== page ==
In order to be effective, in cleaning the filter bed, the silt which often clogs the bed must be removed from the filter sand and mixed in with the charging water 13. The water carrying the silt can then be pumped out by the pump 39. The agitation is accomplished by an agitator. This agitator takes at least two forms. My preferred form is shown in FIGS. 1 and 2. The agitator consists of a series of disks 30 mounted on a belt 82. The belt is driven in an oscillating manner by a belt 35 operating through pulleys 33 and 34. Power to the pulleys may come through a shaft 36 from the tractor 27 although independent power could also be used. For example an electric or a hydraulic motor could be used for that purpose. A gear box 84 may be used to convert the rotary motion of the shaft 36 to the oscillating motion required by the belt. The agitator is supported from the hood 37 by supports 81.
The alternate agitator shown in FIG. 3 is also driven from the shaft 36. In this case a gear box for the conversion of motion is not needed so that the pulley and belt system can drive a shaft 86 more directly. The shaft 86 is journalled in a sleeve 87 which can be supported from the hood on a flange 85. A wheel 31 having open spokes supports flaps 32 extending downward from the spokes. Rotation of the wheel 31 causes the flaps to sweep the filter bed under water and therefore to stir the silt into the water. Then the pump 39 can suck out the water-borne silt and discharge it, leaving a clean sand filter bed.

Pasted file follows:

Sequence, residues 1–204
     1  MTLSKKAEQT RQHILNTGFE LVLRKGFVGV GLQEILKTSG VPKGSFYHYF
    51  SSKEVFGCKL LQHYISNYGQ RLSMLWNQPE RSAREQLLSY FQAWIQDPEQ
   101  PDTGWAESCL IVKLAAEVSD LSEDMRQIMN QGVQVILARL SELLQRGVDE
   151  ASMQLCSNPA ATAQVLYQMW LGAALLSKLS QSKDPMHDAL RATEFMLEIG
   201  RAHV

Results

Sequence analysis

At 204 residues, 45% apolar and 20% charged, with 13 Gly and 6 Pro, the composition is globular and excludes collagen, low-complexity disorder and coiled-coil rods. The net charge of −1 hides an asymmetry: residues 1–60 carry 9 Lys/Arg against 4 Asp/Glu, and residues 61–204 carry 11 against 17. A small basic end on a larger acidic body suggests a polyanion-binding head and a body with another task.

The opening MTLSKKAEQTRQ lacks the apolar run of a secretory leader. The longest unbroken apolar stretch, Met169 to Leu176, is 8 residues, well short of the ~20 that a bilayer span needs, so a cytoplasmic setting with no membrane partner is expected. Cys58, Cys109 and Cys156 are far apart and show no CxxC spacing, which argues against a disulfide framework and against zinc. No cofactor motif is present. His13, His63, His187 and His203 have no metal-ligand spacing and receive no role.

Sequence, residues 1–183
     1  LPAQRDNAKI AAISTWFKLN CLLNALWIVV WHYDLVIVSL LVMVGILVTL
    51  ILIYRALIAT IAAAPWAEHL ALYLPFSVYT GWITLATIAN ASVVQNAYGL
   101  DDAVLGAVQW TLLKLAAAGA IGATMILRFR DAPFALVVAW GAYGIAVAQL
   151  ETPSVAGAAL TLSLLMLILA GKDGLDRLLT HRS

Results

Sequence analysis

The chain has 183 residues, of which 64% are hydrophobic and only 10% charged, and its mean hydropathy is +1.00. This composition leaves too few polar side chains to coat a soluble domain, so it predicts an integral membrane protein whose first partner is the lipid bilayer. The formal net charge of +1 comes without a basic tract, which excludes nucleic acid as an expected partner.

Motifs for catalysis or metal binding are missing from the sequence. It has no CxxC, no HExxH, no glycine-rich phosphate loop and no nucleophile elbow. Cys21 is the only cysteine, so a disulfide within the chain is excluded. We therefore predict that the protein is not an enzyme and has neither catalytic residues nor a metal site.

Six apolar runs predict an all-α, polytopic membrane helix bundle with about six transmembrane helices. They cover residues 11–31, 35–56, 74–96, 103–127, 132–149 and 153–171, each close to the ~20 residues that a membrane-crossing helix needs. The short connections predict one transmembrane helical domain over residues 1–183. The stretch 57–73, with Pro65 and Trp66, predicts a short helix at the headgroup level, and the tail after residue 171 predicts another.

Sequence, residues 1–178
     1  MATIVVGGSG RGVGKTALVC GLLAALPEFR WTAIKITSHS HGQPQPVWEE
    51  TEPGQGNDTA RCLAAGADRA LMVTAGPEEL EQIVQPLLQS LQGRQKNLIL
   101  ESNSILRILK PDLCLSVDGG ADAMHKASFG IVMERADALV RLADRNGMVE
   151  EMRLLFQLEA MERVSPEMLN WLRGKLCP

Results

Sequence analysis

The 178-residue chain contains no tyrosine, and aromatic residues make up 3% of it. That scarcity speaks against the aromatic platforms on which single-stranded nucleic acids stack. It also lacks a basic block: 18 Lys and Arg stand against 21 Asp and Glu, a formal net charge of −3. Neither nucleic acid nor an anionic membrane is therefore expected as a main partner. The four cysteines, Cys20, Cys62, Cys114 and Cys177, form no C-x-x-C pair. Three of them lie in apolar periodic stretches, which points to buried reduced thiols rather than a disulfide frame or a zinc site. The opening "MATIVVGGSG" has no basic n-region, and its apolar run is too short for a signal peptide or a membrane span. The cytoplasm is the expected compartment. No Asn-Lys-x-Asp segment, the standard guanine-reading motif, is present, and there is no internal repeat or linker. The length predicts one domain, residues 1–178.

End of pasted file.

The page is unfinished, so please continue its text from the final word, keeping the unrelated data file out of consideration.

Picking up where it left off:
Construction of the trench and lining can be easily accomplished by means of the mechanism shown in FIGS. 4, through 9. As shown in these figures, the lining mechanism may be mounted on a truck 71 and is enclosed in a container having sides 46 and a floor 57. This container is mounted so as to be vertically movable through the bed 91 of the truck. In order to avoid interference with the drive train of the truck, the device should be mounted to one side of the centerline of the truck, offset from the drive train. In some cases, it may be desirable to mount the container on a device pulled by the ditching machine. The time would thus be reduced during which the trench walls could collapse, and then placement of the gravel immediately behind the trailer carrying the container would almost certainly assure proper formation of the trench.
The lifting mechanism may be of many forms as will appear to those skilled in the art. I have illustrated a cable system including a winch 92 adapted to pull the cables 93 attached to the corners of the container 46 and running over a sheave 75. In order to prevent binding and unequal pulling, I provide a control arm 47 pivotally attached to the container at pivot 50 and to a bracket 77 mounted on the truck 71. It will be apparent that an hydraulical lifting mechanism could also be used.